Animal Farm by George Orwell Review

Animal Farm is an allegorical tale about intelligent animals that overthrow their ruling farmers and set about creating a society of equals.

Yet this co-operative doesn’t quite work out as well as it did on paper. You see some of the animals recieve a bigger share of the spoils than others do and some of the animals begin to question this supposed utopia.

It doesn’t take long before the rules of this society begin to change to give the pigs more and more power. The new found freedom the other animals had hoped for does not seem to be as forthcoming as had been promised.

Animal Farm is easily the most famous political allegory ever written. Its depiction of power hungry pigs taking advantage of the other animals is a brilliant description of what happens when a social revolution goes wrong.

Allegory is not an easy thing to achieve successfully and yet Orwell manages it with exceptional skill. While you need at least something of an understanding of the Russian revolution to fully appreciate Animal Farm you’ll still get the point without knowing anything about it. It can even be enjoyed as a straight up animal story with no political message, I know that’s how I first enjoyed it when I was a child.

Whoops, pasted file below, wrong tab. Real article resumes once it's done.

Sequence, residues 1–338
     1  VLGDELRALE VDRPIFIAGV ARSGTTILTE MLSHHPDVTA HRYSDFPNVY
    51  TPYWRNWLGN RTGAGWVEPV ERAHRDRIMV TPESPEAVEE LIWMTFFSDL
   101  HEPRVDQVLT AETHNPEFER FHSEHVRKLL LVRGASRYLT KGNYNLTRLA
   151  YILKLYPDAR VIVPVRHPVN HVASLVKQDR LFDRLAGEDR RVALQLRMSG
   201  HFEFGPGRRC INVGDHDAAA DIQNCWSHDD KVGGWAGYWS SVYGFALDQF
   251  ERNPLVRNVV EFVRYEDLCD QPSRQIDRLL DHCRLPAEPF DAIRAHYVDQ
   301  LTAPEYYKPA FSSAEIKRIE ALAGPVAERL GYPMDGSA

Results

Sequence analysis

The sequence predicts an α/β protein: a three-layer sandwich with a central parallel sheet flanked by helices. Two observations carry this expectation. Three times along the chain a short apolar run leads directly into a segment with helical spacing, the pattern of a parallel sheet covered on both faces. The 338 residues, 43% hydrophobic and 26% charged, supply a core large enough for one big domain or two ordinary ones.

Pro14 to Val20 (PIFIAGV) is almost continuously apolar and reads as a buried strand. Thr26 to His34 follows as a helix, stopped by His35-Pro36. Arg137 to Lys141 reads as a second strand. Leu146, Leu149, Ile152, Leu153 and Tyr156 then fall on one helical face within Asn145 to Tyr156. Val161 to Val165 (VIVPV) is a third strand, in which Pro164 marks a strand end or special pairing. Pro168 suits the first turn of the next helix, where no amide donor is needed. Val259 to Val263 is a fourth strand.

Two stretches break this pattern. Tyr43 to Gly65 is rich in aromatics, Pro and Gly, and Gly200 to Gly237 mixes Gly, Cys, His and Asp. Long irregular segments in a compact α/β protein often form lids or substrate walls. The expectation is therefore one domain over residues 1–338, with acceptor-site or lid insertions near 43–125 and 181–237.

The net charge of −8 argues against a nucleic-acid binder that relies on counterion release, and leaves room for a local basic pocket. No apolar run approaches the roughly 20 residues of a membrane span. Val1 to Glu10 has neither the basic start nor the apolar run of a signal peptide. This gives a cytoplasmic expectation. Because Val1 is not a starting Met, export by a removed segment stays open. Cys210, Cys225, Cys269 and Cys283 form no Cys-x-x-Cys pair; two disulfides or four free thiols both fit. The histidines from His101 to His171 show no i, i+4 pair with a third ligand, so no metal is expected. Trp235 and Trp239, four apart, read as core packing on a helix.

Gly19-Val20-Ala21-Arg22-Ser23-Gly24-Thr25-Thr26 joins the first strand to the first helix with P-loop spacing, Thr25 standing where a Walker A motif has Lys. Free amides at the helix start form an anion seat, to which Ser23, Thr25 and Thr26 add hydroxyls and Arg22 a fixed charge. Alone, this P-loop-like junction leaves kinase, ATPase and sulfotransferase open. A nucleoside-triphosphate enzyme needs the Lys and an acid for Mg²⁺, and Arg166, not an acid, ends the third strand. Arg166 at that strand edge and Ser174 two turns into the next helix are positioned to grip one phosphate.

The story shows humankind at its worst but also its best, it is a simple yet moving look at the demons within every human, the demons of greed, jealousy, cruelty, and a lust for power.

The way the novel slowly twists the original Commandments put forth to keep order and unity within Animal Farm into a means of control shows how easily political dogma is poisoned into propaganda.

The greatest example of this corruption of the original premise of the revolution is given by the new commandments, “All animals are equal, but some animals are more equal than others”, and “Four legs good, two legs better!

The pigs change from hating the former ruling farmers to wanting to be just like them.

Animal Farm is a moving and bitter warning from history. Except we’ll ignore it all of course, we humans excel at repeating all our errors and mistakes.

This is a must read for everyone.

Author: Jamie Hall

Writer, avid book reader and procrastinator extraordinaire.

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